European qualifiers - 2019/20 SeasonMatch press kits
|Scotland||Hampden Park - GlasgowMonday 9 September 2019|
20.45CET (19.45 local time) Group I - Matchday 6
Date of birth: 29 August 1963
Playing career: St Mirren, Chelsea
Coaching career: Newcastle (caretaker), West Brom, Reading, Kilmarnock, Scotland
• Born in Saltcoats on the west coast of Scotland, Clarke started out on a part-time contract at St Mirren, training as a defender while serving an apprenticeship as an instrument engineer, but – after making his debut in 1982 – eventually established himself as the Paisley side's first choice right-back.
• Signed by Chelsea in February 1987, Clarke would make over 400 appearances for the club, and featured in the sides that won the 1997 FA Cup and the League Cup the following season; his final appearance was in the 1998 UEFA Cup Winners' Cup final, the Blues beating Stuttgart 1-0 in Stockholm.
• Capped just six times by Scotland, Clarke moved into coaching as assistant to his former Stamford Bridge team-mate Ruud Gullit at Newcastle United, from 1998/99, taking caretaker command for one match. Then returned to Chelsea, initially as a youth team coach, before assisting José Mourinho (during two title-winning campaigns) and Avram Grant.
• Assisted another Stamford Bridge alumnus, Gianfranco Zola, at West Ham from 2008 to 2010, and was Kenny Dalglish's assistant at Liverpool before taking sole command at West Brom in 2012/13.
• Following a spell in charge at Reading, he was assistant to Roberto Di Matteo at Aston Villa in 2016, and then returned to management in 2017 with Kilmarnock – the club his brother Paul represented between 1974 and 1986; hired to coach Scotland in May 2019 after being named the Scottish Premiership's manager of the year.
Date of birth: 13 July 1973
Playing career: Real Zaragoza, Balaguer, Wigan, Motherwell, Walsall, Swansea, Chester City
Coaching career: Swansea, Wigan, Everton, Belgium
• Born in Catalonia, Martínez started out at youth level with home-town club Balaguer before joining Zaragoza aged 16. The bulk of his three years there were spent in the youth and B teams, with a solitary appearance for the senior side before he returned to Balaguer in 1994, also running the club's football school.
• Moved to England and Wigan in 1995, forming the 'Three Amigos' with fellow Spaniards Jesús Seba and Isidro Díaz; over the next six years, helped the club win the third division title in 1997 and the Football League trophy two years later. A year with both Motherwell and Walsall preceded a lengthier spell at Swansea between 2003 and 2006, Martínez helping the club to promotion to the third tier. After a season with Chester, he returned to south Wales in 2007, initially as player-manager before quickly hanging up his boots.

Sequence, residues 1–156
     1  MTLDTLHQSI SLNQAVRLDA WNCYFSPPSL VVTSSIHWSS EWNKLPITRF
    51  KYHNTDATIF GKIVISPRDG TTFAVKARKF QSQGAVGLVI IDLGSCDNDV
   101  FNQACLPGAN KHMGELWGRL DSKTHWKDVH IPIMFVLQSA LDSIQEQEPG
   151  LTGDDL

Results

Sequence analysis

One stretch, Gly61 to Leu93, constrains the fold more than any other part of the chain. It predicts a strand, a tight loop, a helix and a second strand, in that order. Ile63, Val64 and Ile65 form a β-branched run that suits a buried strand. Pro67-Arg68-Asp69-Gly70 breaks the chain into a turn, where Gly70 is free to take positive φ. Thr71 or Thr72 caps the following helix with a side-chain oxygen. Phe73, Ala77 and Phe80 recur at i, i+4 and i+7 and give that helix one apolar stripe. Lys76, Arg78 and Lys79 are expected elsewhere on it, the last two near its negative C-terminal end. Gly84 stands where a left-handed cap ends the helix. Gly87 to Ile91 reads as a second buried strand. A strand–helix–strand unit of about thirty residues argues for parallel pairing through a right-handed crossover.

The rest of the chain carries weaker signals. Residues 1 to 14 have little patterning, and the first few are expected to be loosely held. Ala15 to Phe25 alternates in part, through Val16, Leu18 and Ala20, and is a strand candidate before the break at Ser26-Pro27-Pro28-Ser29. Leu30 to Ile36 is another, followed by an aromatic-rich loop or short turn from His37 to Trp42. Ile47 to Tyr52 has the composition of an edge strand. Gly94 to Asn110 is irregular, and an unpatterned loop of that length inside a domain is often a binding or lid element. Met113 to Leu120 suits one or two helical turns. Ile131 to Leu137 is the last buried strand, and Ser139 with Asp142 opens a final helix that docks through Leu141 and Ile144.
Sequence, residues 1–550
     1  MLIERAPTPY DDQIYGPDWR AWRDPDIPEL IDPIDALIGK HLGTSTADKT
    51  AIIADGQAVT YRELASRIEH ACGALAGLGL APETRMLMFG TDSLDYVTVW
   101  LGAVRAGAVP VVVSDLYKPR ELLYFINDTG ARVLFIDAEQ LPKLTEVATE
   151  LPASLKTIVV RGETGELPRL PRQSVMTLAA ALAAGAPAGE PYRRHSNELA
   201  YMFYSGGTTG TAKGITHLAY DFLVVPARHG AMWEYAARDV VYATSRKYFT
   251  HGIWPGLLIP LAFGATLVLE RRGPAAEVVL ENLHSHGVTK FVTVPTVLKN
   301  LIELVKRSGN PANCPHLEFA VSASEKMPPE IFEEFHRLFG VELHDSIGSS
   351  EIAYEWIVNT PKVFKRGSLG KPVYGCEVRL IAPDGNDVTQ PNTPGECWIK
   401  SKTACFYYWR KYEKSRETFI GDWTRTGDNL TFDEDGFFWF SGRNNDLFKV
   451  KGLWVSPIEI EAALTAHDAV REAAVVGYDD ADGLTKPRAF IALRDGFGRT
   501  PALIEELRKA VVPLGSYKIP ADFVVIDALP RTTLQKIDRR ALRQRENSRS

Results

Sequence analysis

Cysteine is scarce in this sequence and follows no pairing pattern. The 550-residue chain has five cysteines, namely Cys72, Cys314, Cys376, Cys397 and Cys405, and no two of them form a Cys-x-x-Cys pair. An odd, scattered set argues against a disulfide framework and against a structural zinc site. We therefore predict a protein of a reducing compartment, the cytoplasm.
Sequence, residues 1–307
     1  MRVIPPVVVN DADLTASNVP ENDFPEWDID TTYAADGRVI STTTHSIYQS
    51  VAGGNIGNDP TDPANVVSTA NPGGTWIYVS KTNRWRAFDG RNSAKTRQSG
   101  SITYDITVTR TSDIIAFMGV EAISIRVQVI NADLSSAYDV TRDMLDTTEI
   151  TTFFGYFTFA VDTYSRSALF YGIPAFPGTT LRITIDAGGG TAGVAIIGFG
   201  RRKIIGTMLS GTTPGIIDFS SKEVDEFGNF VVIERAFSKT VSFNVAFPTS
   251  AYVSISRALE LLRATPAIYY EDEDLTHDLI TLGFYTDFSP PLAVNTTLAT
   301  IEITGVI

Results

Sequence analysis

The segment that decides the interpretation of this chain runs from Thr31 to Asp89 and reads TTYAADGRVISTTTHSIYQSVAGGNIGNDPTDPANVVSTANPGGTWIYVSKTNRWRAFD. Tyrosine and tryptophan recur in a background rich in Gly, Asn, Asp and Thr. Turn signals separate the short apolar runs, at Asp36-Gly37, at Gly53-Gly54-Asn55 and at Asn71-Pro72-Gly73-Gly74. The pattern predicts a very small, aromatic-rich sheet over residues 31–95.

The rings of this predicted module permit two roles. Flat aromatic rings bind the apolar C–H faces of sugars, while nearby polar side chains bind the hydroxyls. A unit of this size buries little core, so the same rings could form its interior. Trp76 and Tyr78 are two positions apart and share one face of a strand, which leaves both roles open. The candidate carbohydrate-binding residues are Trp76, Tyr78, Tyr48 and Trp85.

• Guided Swansea to the League One championship in 2008 before leaving for Premier League Wigan the following year. Inspired an unlikely escape from relegation in 2011/12 and landed the Latics' first major trophy with victory against Manchester City FC in the FA Cup final 12 months later – although three days after that landmark triumph, Wigan were relegated.
• Martínez remained a man in demand and was appointed Everton manager in June 2013, steering the club to fifth place with their record Premier League points tally in his first term. Everton reached the 2014/15 UEFA Europa League round of 16 and both domestic cup semi-finals in the next campaign, but indifferent league form meant Martínez was dismissed in May 2016.
• Appointed Belgium coach three months later in the wake of Marc Wilmots' departure and led the side to the semi-finals of the 2018 FIFA World Cup, Belgium ultimately finishing third in Russia – their highest ever placing.
:: Previous meetings
Goals for/against: Goal totals include the outcome of disciplinary decisions (e.g. match forfeits when a 3-0 result is determined). Goals totals do not include goals scored during a penalty shoot-out after a tie ended in a draw
:: Squad list
Qual.: Total European Qualifiers appearances/goals for UEFA EURO 2016 only.
FT: Total UEFA EURO 2016 appearances/goals in final tournament only.
Overall: Total international appearances/goals.
DoB: Date of birth
Age: Based on the date press kit was last updated
D: Disciplinary (*: misses next match if booked, S: suspended)
:: Team facts
EURO finals: The UEFA European Championship was a four-team event in 1960, 1964, 1968, 1972 and 1976 (when the preliminary round and quarter-finals were considered part of qualifying).
From 1980 it was expanded to an eight-team finals and remained in that format in 1984, 1988 and 1992 until 1996, when the 16-team format was adopted. UEFA EURO 2016 is the first tournament to be played as a 24-team finals.
Records of inactive countries
A number of UEFA associations have been affected by dissolution or splits of member associations. For statistical purposes, the records of these inactive countries have been allocated elsewhere: therefore, all Soviet Union matches are awarded to Russia; all West Germany – but not East Germany – matches are awarded to Germany; all Yugoslavia and Serbia & Montenegro matches are awarded to Serbia; all Czechoslovakia matches are allocated to both the Czech Republic and Slovakia.
For statisical purposes, when a match has been started and then abandoned but later forfeited, the result on the pitch at the time of abandonment is counted. Matches that never started and were either cancelled or forfeited are not included in the overall statistics.